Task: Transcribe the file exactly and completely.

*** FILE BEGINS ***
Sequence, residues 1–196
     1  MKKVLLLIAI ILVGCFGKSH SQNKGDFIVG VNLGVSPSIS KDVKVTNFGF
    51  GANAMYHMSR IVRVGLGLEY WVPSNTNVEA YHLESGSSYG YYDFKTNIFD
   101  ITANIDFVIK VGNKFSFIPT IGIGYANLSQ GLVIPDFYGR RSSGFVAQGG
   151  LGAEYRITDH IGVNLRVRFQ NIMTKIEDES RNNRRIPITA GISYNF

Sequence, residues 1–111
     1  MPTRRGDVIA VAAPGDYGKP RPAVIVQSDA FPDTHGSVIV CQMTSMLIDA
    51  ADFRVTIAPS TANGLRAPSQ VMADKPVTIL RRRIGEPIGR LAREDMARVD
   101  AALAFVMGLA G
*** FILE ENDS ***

Sequence, residues 1–196
     1  MKKVLLLIAI ILVGCFGKSH SQNKGDFIVG VNLGVSPSIS KDVKVTNFGF
    51  GANAMYHMSR IVRVGLGLEY WVPSNTNVEA YHLESGSSYG YYDFKTNIFD
   101  ITANIDFVIK VGNKFSFIPT IGIGYANLSQ GLVIPDFYGR RSSGFVAQGG
   151  LGAEYRITDH IGVNLRVRFQ NIMTKIEDES RNNRRIPITA GISYNF

Sequence, residues 1–111
     1  MPTRRGDVIA VAAPGDYGKP RPAVIVQSDA FPDTHGSVIV CQMTSMLIDA
    51  ADFRVTIAPS TANGLRAPSQ VMADKPVTIL RRRIGEPIGR LAREDMARVD
   101  AALAFVMGLA G